the proper position due to the slow update frequency, the remaining lifetime is reduced. In the followings, we will evaluate the remaining lifetime of the network in ve scenarios previously. The simulation result for the rst scenario is shown in Fig. 5. The remaining lifetime is only 65 after the rst update. As the density of the inner layers is less than

Table 3 Simulation parameters. Parameters N k b Denition Number of sensors Layer Control of heuristic Evaporate Energy of moving to neighbor Energy of transmission a data Number of ants Iteration Remaining energy of sensor Updating frequency rate Setting 10,000 6 2 0.3 10 1 10 10 50300 060 Fig. 6. Remaining lifetime of the network for varying time duration in the second scenario (density of sensors in inner layer is greater than that in the outer layer).

q
Cost k NA iter ERSj i UF

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that of outer layers, there is a high probability that the rst dead circle point will appear in the inner layer. The reason is that the

Fig. 7. Remaining lifetime of the network for varying time duration in the third scenario (both density and energy of sensors in inner layer is greater than that in the outer layer).

sensor nodes in the inner layers not only transmit their data but also relay the data of the outer layers. The remaining lifetime increases as duration time varies from 30 to 300. The reason is that our method can actually improve the life-time of the network by moving the sensors. The remaining lifetime linearly decreases as duration time increases beyond 300. The reason is that the position of all the sensors is nearly optimal, and so the energy consumption is linear. The simulation result for the second scenario has been shown in Fig. 6, which is similar to Fig. 5. However, the lifetime of the network in Fig. 6 is 1170, while that in Fig. 5 is 900. Hence we see that the lifetime of the network increases as the density of the sensors near the sink increases. This observation corroborates the idea proposed in Cardei et al. (2008). Since the sensors present in the region closer to the sink are involved in more data forwarding, there should be a higher density of the sensors in this region. Fig. 7 shows the simulation result for the third scenario. The Fig. 7 is similar to the Fig. 6. However the lifetime of the network in Fig. 7 is greater than that in Fig. 6. This is because the fact that both the density and energy of sensors in inner layers is greater than that in the outer layers, and the lifetime increases signicantly. The fourth scenario, has been shown in Fig. 8. The lifetime in this case is least of all four scenarios. The reason is that both density and energy of inner layers are less than the outer layers. Finally, the fth scenario has been shown in Fig. 9. In this case, the lifetime of the network shows as similar trend as the previous four scenarios. Hence, our method can perform very well in any initial situation.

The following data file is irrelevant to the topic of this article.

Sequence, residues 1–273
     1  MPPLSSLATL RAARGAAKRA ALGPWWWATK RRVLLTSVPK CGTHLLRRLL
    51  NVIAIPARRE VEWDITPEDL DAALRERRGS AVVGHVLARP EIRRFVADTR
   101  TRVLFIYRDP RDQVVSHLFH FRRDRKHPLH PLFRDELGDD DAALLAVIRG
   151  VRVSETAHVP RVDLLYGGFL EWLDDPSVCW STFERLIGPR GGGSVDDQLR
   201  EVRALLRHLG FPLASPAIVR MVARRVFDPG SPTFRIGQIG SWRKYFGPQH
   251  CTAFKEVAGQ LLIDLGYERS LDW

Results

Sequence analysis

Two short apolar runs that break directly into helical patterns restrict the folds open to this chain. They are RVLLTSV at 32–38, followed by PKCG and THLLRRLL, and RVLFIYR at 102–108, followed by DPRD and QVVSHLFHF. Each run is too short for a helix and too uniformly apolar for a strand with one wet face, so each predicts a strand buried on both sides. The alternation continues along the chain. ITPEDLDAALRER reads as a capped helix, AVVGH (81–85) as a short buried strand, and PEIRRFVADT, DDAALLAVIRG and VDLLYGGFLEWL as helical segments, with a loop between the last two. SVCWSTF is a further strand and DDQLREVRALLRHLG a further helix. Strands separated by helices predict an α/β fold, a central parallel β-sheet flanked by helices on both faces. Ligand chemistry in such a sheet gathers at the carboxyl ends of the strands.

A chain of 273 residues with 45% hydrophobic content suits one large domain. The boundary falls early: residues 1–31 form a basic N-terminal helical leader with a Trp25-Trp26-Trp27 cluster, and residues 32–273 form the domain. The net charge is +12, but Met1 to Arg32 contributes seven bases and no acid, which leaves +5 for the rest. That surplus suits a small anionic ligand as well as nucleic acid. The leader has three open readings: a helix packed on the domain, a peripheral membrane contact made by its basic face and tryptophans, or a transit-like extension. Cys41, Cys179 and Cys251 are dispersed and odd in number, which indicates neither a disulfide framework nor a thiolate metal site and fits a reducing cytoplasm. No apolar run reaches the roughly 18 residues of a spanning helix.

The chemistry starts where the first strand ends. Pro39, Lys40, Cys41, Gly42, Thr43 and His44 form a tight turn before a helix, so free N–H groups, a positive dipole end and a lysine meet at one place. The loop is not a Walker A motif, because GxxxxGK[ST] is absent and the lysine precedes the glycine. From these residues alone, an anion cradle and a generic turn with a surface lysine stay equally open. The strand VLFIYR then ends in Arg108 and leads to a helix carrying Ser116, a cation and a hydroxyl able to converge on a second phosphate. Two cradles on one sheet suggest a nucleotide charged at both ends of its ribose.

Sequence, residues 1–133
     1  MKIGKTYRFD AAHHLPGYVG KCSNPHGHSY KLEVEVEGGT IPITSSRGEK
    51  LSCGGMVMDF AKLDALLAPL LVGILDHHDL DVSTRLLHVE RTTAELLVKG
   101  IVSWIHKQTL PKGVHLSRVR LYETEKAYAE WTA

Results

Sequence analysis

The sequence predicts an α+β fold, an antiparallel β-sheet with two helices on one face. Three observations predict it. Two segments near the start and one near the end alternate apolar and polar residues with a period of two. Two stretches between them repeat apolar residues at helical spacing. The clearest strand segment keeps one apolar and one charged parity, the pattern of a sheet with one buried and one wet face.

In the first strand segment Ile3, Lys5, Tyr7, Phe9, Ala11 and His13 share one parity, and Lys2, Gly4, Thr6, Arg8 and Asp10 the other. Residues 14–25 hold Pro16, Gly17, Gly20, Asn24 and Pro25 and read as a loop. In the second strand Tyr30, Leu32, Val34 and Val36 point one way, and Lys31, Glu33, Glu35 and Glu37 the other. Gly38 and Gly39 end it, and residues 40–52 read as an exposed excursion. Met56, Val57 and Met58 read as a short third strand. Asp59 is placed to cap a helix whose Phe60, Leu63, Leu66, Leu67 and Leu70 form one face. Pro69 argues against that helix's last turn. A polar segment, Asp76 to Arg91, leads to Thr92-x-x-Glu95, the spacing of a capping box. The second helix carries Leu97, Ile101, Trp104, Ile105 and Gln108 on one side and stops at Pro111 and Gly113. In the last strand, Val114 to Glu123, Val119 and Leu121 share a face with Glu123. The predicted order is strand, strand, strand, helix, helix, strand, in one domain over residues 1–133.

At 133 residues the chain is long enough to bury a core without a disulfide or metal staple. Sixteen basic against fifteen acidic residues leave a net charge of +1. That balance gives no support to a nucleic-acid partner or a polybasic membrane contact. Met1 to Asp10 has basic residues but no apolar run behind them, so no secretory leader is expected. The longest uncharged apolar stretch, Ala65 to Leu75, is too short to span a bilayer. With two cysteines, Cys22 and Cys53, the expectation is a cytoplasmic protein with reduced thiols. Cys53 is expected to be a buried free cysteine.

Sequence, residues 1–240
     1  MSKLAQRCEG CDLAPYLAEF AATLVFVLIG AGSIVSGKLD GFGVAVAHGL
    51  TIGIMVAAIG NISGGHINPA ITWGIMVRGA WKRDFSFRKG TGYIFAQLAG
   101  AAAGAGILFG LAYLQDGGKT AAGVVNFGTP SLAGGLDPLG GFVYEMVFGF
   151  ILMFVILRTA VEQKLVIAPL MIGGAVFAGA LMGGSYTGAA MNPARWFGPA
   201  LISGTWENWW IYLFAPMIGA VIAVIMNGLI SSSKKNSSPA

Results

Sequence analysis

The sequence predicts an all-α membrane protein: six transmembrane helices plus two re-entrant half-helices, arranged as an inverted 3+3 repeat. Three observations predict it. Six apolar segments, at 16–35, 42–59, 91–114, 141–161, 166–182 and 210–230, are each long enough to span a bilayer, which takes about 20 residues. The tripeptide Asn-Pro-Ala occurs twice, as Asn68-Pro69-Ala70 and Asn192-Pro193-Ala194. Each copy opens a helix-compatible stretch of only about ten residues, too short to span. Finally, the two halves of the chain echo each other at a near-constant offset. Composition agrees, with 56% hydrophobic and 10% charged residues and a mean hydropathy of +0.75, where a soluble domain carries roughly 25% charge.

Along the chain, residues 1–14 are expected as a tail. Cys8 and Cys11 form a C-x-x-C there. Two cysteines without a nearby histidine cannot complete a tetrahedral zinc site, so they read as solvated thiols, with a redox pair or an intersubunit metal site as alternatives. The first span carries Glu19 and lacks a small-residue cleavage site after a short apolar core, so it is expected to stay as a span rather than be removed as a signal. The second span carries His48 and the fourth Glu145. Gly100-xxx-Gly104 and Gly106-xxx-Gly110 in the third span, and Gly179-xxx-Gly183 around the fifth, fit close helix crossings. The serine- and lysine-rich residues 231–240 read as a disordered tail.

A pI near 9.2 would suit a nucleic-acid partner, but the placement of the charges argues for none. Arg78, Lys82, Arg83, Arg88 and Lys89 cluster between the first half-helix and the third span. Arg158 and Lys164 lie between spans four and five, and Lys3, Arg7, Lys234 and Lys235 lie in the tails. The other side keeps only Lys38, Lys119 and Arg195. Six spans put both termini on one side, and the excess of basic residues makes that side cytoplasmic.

5. Conclusion In this work, we consider the problem of sensor deployment to achieve complete coverage and maximize the lifetime of the network. We model the sensor deployment problem as the multiple knapsack problem. Based on ACO algorithm, our proposed sensor deployment strategy can prolong the network lifetime, while ensuring a full coverage. We have considered ve deployment scenarios for performance evaluation and simulation results show that the network lifetime can be increased by increasing the energy and density of the sensors closer to the sink. In addition, our deployment scheme can perform better than the existing deployment schemes and can prolong the network lifetime signicantly in any deployment scenario. Acknowledgements This work was supported in part by the National Science Council, Taiwan, under grants NSC 99-2221-E-036-036-MY2 and Tatung University, under grants B99-N03-065. References
Boryczka, U. (2007). Ants and multiple knapsack problem. IEEE Computer Information Systems and Industrial Management Applications (CISIM), 149154. Cardei, M., Yang, Y., & Wu, J. (2008). Non-uniform sensor deployment in mobile wireless sensor networks. IEEE World of Wireless, Mobile and Multimedia Networks (WoWMoM), 18. Dorigo, M., & Gambardella, L. M. (1997). Ant colony system: a cooperative learning approach to the traveling salesman problem. IEEE Transactions on Evolutionary Computation, 1(1), 5366. Kong, M., Tian, P., & Kao, Y. (2008). A new ant colony optimization algorithm for the multidimensional knapsack problem. Computers & Operations Research, 35(8), 26722683. Leguizamon, G., & Michalewicz, Z. (1999). A new version of ant system for subset problems. IEEE Evolutionary Computation, 14591464.

Fig. 8. Remaining lifetime of the network for varying time duration in the forth scenario (both density and energy of sensors in inner layer is less than that in the outer layer).

Fig. 9. Remaining lifetime of the network for varying time duration in the fth scenario (random deployment of the sensors with constant energy).